7 Ways I Take Care Of My Mental Health, Because Any Excuse To Make Cupcakes Is a Good Excuse
On October 10, aka World Mental Health Day, we have an opportunity to focus on the importance of mental health. Each year, the World Health Organization chooses a mental illness to give its attention to, in the hopes of erasing the stigma that is too often attached to mental illness. This year, the focus is on how to live a healthy and productive life with schizophrenia, but of course, we could use more awareness around all types of mental illness.
World Mental Health Day is particularly important to me as someone who suffers from depression. Mental illness affects everyone, either directly or indirectly, and those afflicted need to be treated with the same compassion and respect as sufferers of any other illness out there. But above all mental illness needs to be discussed, openly, as opposed to being hidden away like a dirty secret. There’s nothing dirty about it.
That said, dealing with a mental illness takes a lot of work. I see a therapist and take my meds religiously, but I've learned that’s not enough. Maintaining my psychological health requires being proactive and making decisions that have positive effects on my life. While I know everyone has different ways of managing their own challenges, I hope that perhaps sharing our techniques with each other can be beneficial.
Here are seven ways I take care of my mental health.
I make sure to GET OUT OF BED EVERY MORNING
It sounds like the most basic thing in the world, but when you've struggled with depression, it's not so basic. No matter how I’m feeling, I force myself to get out of bed each and every morning. The action of getting up, getting dressed, and going out to get coffee — even though I work from home — makes a huge difference for me.
From there, I look at my schedule and start in on my day. I find that keeping a routine is what helps me stay positive and keeps my head clear. If I fall behind on deadlines or struggle with an assignment, I don’t get down on myself for it. I remain focused and don’t give up. For me, any day where I’m not running for the blankets is a good day.
I STAY AWAY FROM ALCOHOL AND DRUGS WHEN I’M FEELING DOWN
I like to drink more than I should. And I used to drink not just to have fun, but to numb my depression. I thought that it somehow made life bearable to be so numb, but I’ve since realized that it was just making everything 10 times worse.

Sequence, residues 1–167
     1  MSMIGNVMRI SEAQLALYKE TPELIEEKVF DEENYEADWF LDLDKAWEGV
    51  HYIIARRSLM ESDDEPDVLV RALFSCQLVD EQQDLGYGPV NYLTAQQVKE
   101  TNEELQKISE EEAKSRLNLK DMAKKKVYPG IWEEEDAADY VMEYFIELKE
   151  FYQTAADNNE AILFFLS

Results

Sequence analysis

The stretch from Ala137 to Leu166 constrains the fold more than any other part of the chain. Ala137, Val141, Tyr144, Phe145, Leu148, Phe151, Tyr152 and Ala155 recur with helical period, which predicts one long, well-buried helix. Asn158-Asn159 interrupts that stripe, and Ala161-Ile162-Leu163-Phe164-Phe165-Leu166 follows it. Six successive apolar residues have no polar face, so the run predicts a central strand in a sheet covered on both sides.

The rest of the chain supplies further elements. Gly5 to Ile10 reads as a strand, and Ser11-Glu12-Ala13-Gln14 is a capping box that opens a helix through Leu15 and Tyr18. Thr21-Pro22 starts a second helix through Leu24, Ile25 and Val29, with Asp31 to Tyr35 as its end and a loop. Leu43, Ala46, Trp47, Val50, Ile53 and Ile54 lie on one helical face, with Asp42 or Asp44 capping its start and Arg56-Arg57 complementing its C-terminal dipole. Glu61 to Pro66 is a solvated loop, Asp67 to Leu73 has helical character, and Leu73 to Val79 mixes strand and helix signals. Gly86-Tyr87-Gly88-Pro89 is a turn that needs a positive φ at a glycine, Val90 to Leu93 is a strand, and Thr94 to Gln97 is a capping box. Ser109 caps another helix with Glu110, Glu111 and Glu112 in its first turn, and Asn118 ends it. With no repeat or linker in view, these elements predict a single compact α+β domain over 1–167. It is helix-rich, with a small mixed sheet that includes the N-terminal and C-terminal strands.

These days, I absolutely, positively, will not touch a drop of alcohol if I’m having a down day. I’ll pass on any recreational substances that might be offered to me, and even keep myself out of situations that I know will cause unnecessary drama, like being around other intoxicated people. Besides, for me, an awesome Friday night in means watching John Hughes films until dawn, so it’s not a major loss.
I’M NOT AFRAID TO REACH OUT TO FRIENDS AND FAMILY FOR HELP
My depression is no secret to my friends and family. I’m vocal about it, and when I’m not feeling in my right mind, I never hesitate to reach out to those closest to me. Talking things through with my sister, or just having my mom on speakerphone while I’m home makes a huge difference for me. I also know that I don’t need to apologize for my mental illness; I can be at my worst, and it’s OK.
I MAKE LOTS OF TIME FOR ME
As a loner, I need space. It’s when I’m alone that I can truly reflect on things. I can work out problems in my head, rehash conversations or situations that I wish had gone differently, or just wander around the city in silence with my headphones supplying my escape soundtrack.
I think it’s important to step away and focus on what makes you happy and to learn how to love yourself solo, on your own terms. You’ll always have friends, but you need to be able to count on yourself before anyone else.
I CHANGE MY SCENERY — OFTEN
I have found that if I’m not changing my surroundings and scenery, I tend to feel stagnant and trapped. When I’m not moving forward or am tied to a place or a situation, my depression tends to bother me more than usual.
Whether it means doing an apartment swap with someone in another country or just going to my parents’ house for the weekend, it’s essential for me to move about and have a different view of the world. I love where I live, but I love going away so I can get a better perspective on things.
I DO ONE THING THAT SCARES ME EVERY DAY
When I first heard the Eleanor Roosevelt quote "Do one thing everyday that scares you" when I was a kid, I didn’t really understand what it meant. But decades later, I get it: It makes you feel alive. I’ve found that doing things that shake me to my core puts me in touch with how precious life is. I know it might sound silly, but it’s true.
When I hung from a zip line high above the White Mountains this past weekend, I was terrified. But each time I let myself fall off the platform onto another zip line, I felt relieved and even proud. Whether it’s a zip line or pitching a controversial story idea to magazine, pushing myself outside my comfort zone helps me stay healthy.
I COOK AND BAKE
In my ideal world, I’d only consume pizza — and lots of it. In the real world, I know that maintaining a healthy diet is important for my mental health.
I may not be a Julia Child, but I’m very much at peace and genuinely happy when I’m cooking or baking. If I’ve had a day that has really done a number on me, I’ll hit up the Whole Foods with a recipe I’ve found and just let that part of my creativity loose. Cooking also allows me to focus on something else, providing a distraction that results in food (who doesn’t want that?). It's a nice way to close out the day and prepare for the next morning, whatever it may bring.